An era gone by

“Our parents are our first relationship… So when a parent dies, it is your anchor being taken away,” Kessler said. Los Angeles resident Abbe Andersen took care of her mother, who had Alzheimer’s, and when she died at 88, Andersen felt her point of life reference had died, too. “It’s a lost feeling,” she said. But it also allowed her to rethink and reshift personal priorities: “What’s important are your connections… dear friends and family.”

Rituals can help

“Having a place that reminds the child of the parent and going to that place to talk things through with the parent can be very comforting,” Umberson said. Planting a tree, or assembling a special photo album or scrapbook can also help.

Grieving what never was

Some are perplexed to find themselves mourning a parent with whom they’ve had a bad relationship. “We believe we only grieve people we love but that actually isn’t true,” Kessler said. “My definition of grief is a reflection of a connection we have lost… Sometimes we have to grieve for what never was, for that ideal parent we never had.”

For some, a new freedom

Jeanne Safer, author ofDeath Benefits: How Losing a Parent Can Change an Adult’s Life – for the Better— the book cover is a birdcage with an open door — says that after a parent dies, many people feel more free to marry outside their religion or ethnicity, “people come out [as gay], people leave religion, people come to religion, people get divorces – all kinds of things – it’s fascinating.” And it’s nothing to feel ashamed of.

Kessler pointed to an example of a client who was grieving his abusive father’s death. But as time passed, the man felt a safety in the world he hadn’t felt before. “We think a parent ideally will enrich us but some people do have parents that diminish them,” Kessler said.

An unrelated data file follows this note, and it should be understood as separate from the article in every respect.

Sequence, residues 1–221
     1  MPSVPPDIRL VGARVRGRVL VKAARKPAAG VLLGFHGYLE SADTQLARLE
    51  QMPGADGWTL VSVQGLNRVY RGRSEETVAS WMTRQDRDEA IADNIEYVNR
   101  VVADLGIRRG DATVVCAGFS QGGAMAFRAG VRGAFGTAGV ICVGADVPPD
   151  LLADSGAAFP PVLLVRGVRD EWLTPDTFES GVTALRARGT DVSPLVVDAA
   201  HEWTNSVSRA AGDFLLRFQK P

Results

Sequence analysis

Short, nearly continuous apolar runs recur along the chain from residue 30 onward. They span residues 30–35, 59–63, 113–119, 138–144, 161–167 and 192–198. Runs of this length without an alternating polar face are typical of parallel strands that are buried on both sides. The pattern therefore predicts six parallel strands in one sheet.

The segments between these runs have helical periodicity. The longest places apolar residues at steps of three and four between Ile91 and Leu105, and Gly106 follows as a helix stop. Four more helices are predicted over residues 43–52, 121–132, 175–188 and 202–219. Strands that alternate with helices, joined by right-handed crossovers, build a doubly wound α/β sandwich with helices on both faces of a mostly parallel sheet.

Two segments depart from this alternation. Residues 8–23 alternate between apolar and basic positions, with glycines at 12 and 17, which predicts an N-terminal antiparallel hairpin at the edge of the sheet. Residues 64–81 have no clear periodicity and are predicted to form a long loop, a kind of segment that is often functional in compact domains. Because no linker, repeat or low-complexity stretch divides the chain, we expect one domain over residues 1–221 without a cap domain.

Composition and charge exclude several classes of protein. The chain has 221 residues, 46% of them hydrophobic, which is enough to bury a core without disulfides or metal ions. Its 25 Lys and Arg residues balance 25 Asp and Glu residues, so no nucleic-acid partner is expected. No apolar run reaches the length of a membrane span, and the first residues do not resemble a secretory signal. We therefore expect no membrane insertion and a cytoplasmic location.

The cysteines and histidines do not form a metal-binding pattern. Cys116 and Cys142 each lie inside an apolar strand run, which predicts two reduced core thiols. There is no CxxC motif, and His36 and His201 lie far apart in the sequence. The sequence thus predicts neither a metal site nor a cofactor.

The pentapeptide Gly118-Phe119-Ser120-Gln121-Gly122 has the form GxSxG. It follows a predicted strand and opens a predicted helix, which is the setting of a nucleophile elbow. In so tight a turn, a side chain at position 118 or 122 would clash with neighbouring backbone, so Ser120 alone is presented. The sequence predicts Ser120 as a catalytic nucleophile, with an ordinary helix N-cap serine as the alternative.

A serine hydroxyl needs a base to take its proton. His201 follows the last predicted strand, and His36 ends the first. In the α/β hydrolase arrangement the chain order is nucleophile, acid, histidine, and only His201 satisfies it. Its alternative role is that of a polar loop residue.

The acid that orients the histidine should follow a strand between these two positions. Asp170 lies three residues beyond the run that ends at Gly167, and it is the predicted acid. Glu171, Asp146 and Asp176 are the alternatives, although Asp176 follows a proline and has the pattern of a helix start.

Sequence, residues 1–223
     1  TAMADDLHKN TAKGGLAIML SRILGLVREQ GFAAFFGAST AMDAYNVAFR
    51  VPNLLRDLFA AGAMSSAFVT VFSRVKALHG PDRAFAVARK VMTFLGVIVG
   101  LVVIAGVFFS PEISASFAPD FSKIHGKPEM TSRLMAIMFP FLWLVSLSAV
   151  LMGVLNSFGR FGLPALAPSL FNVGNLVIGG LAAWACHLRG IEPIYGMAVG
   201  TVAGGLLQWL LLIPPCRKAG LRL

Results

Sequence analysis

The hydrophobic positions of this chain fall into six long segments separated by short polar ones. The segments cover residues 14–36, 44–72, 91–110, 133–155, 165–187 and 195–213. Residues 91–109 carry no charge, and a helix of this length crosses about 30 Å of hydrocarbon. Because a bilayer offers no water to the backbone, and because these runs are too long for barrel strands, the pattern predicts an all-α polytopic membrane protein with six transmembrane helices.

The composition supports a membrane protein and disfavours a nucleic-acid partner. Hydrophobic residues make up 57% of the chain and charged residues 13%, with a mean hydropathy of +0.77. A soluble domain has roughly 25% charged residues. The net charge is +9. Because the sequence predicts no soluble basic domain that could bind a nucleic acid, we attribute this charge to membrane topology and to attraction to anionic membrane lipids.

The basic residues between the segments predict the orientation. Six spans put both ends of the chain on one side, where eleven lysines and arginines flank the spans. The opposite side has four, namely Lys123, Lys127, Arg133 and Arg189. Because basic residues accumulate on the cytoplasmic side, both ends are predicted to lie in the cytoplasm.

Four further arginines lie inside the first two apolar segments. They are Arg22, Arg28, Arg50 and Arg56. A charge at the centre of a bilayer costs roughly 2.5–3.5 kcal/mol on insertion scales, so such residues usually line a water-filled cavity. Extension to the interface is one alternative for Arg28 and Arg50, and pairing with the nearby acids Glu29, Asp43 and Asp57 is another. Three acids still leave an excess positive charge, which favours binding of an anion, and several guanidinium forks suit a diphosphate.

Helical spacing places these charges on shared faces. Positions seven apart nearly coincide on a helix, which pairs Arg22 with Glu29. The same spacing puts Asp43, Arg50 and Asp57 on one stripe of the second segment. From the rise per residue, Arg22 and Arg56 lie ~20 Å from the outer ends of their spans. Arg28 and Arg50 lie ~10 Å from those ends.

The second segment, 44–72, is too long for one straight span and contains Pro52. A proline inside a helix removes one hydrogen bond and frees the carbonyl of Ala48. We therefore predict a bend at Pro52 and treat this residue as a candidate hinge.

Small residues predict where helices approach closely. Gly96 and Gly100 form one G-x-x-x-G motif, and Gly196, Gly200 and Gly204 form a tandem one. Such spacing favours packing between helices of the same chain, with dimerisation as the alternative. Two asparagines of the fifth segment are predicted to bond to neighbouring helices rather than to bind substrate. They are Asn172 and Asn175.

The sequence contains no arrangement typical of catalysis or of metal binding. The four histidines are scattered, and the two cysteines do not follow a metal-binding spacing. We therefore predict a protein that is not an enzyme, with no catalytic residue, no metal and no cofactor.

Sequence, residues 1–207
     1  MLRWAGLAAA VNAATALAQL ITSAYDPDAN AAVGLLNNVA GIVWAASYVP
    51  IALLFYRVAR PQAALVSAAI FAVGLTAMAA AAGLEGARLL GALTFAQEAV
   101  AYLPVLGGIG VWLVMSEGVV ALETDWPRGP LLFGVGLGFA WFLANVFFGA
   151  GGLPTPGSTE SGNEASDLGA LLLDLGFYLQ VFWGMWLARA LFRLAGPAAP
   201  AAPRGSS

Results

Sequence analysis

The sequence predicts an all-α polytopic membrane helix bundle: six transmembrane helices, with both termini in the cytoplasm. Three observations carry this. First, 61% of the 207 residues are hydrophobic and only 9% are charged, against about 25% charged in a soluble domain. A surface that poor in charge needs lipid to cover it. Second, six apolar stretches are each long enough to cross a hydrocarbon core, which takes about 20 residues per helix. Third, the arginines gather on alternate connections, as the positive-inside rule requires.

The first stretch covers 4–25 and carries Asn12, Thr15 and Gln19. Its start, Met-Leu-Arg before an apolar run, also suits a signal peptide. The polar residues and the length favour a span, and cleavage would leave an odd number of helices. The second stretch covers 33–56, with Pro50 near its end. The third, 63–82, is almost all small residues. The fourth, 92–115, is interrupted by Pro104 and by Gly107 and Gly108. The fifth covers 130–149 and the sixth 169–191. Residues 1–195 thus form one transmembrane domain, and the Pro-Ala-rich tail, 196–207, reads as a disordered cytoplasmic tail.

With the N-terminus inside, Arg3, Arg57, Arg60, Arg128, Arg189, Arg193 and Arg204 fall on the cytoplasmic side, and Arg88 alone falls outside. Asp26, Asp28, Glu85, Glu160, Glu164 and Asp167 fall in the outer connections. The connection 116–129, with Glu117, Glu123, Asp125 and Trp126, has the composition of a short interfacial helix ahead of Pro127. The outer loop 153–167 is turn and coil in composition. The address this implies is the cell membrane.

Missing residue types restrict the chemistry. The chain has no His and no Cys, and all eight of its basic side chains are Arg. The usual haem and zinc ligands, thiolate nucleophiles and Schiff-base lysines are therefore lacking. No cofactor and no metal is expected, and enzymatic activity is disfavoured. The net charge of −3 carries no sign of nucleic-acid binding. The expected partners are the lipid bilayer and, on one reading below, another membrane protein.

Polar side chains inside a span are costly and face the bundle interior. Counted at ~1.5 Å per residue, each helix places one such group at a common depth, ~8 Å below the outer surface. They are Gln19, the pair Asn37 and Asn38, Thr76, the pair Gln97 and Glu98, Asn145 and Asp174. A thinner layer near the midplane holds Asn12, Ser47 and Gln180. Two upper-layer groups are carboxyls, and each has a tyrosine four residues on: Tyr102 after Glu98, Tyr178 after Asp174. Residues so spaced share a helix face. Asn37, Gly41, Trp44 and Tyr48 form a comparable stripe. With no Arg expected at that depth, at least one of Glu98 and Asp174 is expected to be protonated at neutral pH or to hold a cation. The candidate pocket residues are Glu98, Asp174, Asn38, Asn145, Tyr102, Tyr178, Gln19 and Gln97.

Take a psychological inventory

Safer advised taking some time to think about your parent’s legacy, and your own: “Four questions to ask yourself about your parent’s character are: ‘What did I get from my parent that I want to keep? What do I regret not getting? What did I get that I want to discard? What did I need that my parent couldn’t provide?’

“What you didn’t get but needed, go out and get from other people or yourself,” Safer added.

The first two weeks… then a lifetime

When you lose your parent as an adult, there’s often much to do, such as contacting relatives, planning the memorial and funeral and sorting through possessions. “The reality is you are swept up in the busy-ness and then in about three months to a year it really hits… And it’s usually about that time where their support has moved on,” Kessler said. Then family traditions change as first holidays and birthdays without them pass. “The second year is the year we realize they’re never coming back, we’re never seeing them again–this is us now.”

Reach out for support

“Time does not heal all wounds but the pain of loss does lessen with time. My main advice is to not expect yourself to quickly recover and to not feel there is anything abnormal about intense feelings of grief,” Umberson said, adding that it can be comforting spending time with others who’ve gone through a similar loss, whether it’s friends or strangers in a support group. “Seeking this kind of contact is a concrete thing people can do to help them move forward.”

Kessler says sharing your grief online can also help. “Posting a photo of your mother on the anniversary of her death can connect you with friends and family who are also grieving. You can also find a closed Facebook group where people unite on the type of grief they have,” Kessler said. “We have a primal need for our grief to be witnessed. Our psyche doesn’t want us to be an island of grief. We need each other and grief is a universal connector.”

To read this article in Spanish, click here. (Quote source here.)

In another article titled When a Parent Dies,” by Le Anne Schreiber on Oprah.com, she writes:

It’s always a shock. But grieving grown-up children may be surprised to find that despite the sorrow, the life changes following loss are often positive….